Shares of the high-end workout apparel seller plunged 16 percent on Thursday after it posted disappointing quarterly results. Net revenues climbed 11 percent to $384.6 million as new stores and a healthy uptick in online sales helped offset a 4 percent decline in comparable corporate-store sales for the period. The 263-store chain's earnings clocked in at $0.34 a share before accounting for a one-time hit to cover the tax bite on repatriating foreign profits, just ahead of the $0.32 a share it posted a year earlier.
The results aren't impressive, but Lululemon's outlook is even more grim. It foresees a profit of no more than $0.30 a share on $375 million to $380 million in revenue. Analysts had anticipated more. More importantly, net income will come in sharply lower than it did a year earlier and top-line growth continues to decelerate.
The bad news doesn't end at the current quarter. Lululemon is watering down its revenue and profit targets for all of fiscal 2014.
The stock hit a three-year low on the news, and shares continued to move lower on Friday morning after a Robert W. Baird analyst downgrade made itself felt. The analyst foresees a "choppy transition year" that isn't likely to go smoothly for investors. It's not an original sentiment. Lululemon itself describes 2014 as a "transitional" year.
Sales are slowing. Comps are in the red. Profitability is starting to go the wrong way. Inventory levels are rising faster than sales, suggesting that margins won't get any better as it clears its way through the unsold inventory that's accumulating.
Lululemon was at the right place at the right time, but everything has gone wrong since the recall.
Downward Facing Dog
Paying nearly $100 for a pair of yoga pants may seem outrageous to many people, but Lululemon shoppers weren't flinching. As more and more people began showing up on yoga mats and at pilates classes with Lululemon clothing it became a phenomenon.
It's hard for a luxury fashion brand to stay on top forever. Just ask Coach (COH) which has seen Michael Kors (KORS) eat its lunch over the past two years when it comes to expensive handbags. Every few years finds a new designer denim name knocking out the former champs. This trend would have eventually happened to Lululemon, but a rough 2013 featured the yoga pants recalls, the CEO departure, and some embarrassing founder comments sinking the brand.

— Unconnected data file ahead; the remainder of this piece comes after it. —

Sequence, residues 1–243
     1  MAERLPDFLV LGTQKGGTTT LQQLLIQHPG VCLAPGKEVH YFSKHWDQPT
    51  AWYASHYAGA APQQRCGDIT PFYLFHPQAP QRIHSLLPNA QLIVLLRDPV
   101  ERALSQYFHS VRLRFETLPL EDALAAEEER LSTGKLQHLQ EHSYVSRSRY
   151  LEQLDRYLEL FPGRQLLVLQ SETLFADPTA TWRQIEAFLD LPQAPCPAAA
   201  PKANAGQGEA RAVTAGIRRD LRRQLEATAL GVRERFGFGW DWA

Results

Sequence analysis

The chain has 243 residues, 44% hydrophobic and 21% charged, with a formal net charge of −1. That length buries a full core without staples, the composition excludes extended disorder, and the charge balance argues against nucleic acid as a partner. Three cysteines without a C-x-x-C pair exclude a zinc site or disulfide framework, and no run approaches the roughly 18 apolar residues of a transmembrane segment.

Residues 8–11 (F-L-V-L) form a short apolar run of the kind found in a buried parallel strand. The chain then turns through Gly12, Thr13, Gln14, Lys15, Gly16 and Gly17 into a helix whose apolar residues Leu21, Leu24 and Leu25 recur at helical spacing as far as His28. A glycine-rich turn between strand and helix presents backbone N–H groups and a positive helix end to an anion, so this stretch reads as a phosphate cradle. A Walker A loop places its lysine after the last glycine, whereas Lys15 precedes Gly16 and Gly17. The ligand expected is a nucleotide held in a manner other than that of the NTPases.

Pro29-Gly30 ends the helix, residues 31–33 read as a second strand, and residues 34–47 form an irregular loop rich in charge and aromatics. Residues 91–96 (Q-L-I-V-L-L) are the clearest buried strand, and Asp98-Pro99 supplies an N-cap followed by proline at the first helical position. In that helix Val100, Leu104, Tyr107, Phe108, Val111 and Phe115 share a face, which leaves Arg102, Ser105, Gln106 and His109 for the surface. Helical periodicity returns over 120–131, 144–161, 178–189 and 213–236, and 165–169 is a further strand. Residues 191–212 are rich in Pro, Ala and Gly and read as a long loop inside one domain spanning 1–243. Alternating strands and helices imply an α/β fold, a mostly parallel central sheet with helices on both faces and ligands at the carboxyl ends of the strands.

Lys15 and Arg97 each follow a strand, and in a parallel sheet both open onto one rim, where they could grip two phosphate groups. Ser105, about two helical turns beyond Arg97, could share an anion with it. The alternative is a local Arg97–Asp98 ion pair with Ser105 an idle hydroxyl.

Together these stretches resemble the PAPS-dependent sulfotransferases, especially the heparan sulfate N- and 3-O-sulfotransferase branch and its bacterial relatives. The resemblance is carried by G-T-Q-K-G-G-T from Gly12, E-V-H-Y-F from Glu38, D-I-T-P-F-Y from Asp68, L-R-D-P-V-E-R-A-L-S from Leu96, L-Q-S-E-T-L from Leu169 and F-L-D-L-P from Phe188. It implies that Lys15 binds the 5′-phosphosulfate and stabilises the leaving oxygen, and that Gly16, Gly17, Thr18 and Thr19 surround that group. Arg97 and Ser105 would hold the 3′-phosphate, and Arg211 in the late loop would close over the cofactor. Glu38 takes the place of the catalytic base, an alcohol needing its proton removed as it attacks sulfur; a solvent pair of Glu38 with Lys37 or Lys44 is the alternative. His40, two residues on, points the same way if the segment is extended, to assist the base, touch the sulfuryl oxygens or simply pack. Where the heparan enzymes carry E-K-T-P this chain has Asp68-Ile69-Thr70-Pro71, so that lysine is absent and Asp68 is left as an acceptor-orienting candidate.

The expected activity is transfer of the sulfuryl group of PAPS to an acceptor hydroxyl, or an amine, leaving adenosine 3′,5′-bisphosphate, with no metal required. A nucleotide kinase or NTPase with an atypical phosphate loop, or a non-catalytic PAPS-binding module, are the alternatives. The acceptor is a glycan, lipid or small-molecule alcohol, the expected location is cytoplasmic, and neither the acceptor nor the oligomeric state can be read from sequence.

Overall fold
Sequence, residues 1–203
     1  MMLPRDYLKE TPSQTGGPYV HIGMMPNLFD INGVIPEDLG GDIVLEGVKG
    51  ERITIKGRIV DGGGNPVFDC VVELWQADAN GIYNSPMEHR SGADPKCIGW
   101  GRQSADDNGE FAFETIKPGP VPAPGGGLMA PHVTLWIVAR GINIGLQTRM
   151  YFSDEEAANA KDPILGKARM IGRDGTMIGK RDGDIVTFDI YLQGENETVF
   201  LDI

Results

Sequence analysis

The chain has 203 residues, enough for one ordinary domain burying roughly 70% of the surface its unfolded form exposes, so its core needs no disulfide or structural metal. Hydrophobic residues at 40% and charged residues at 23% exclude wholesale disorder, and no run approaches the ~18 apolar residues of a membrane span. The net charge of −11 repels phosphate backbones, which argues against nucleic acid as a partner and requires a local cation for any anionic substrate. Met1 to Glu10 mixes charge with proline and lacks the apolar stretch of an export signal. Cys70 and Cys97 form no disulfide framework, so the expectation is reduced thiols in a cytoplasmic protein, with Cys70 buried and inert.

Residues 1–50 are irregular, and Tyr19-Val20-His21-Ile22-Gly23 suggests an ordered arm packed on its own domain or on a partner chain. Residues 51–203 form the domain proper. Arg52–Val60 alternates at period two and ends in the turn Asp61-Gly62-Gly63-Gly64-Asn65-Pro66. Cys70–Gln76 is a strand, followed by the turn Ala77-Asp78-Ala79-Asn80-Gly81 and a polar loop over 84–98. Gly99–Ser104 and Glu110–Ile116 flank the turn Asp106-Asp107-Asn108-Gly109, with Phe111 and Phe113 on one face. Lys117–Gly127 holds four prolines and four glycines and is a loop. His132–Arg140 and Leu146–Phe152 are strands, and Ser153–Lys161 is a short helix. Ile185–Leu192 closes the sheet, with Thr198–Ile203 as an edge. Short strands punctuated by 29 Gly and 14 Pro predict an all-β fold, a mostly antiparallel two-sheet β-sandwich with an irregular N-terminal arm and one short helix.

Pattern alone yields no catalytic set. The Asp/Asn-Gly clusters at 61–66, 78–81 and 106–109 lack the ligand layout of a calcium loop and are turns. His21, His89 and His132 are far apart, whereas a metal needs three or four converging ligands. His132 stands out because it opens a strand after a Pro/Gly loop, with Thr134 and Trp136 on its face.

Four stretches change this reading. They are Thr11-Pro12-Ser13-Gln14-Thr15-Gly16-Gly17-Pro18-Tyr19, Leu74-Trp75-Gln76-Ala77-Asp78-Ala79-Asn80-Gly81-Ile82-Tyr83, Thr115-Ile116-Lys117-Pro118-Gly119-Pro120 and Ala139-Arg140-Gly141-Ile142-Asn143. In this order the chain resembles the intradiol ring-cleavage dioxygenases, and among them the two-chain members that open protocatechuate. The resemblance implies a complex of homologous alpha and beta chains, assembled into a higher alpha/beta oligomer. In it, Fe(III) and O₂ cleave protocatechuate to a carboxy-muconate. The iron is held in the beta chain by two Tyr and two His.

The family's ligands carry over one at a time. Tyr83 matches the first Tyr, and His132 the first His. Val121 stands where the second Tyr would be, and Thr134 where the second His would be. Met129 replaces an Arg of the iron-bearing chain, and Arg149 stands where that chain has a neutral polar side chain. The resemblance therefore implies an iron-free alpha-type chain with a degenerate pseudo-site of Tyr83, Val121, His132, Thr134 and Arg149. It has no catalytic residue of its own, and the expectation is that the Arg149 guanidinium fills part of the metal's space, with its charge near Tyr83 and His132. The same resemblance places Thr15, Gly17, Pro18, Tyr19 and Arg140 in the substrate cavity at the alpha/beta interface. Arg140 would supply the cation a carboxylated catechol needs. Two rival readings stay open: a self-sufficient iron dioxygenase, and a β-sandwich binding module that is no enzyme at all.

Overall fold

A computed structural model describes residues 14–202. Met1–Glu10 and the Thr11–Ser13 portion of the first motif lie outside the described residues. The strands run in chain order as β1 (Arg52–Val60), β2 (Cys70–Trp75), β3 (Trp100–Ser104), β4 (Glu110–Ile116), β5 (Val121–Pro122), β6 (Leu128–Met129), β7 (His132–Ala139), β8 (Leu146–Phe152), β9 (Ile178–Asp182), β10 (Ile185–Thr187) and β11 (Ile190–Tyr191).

The problem with the pants was the first shoe to drop. In March of last year the shipment of black Luon yoga pants weren't exactly right. They were too sheer, resulting in the pants being see-through in some circumstances. Lululemon's quality controls should have kicked in, but this was a problem that didn't materialize until buyers actually began wearing them and started to bend over in stretching exercises. Lululemon issued a recall on the pricey yet flawed pants, and a few weeks later its once popular CEO announced that she would be stepping down.
Later in the year it was founder and chairman Chip Wilson making waves by blaming some of the problems with Lululemon's clothing on the weight of the people wearing them.
"Some women's bodies just actually don't work for it," he told Bloomberg TV in light of the pilling problem that its yoga pants were having. "It's really about the rubbing through the thighs, how much pressure is there."
It's not the first time that Wilson turned heads for his controversial comments, but it was the last time that he did so as chairman. He stepped down last year after making those remarks.
The future won't get any easier for Lululemon. It has a healthy cash balance, and it's putting that to work with an aggressive share buyback. Its new CEO will have to plot a course that restores both its brand and its product quality. Lululemon was on top of the world a little over a year ago, but now it's down on the mat -- and it's not a yoga mat.
Motley Fool contributor Rick Munarriz has no position in any stocks mentioned. The Motley Fool recommends Coach, Lululemon Athletica, and Michael Kors Holdings. The Motley Fool owns shares of Coach and Michael Kors Holdings. Try any of our newsletter services free for 30 days.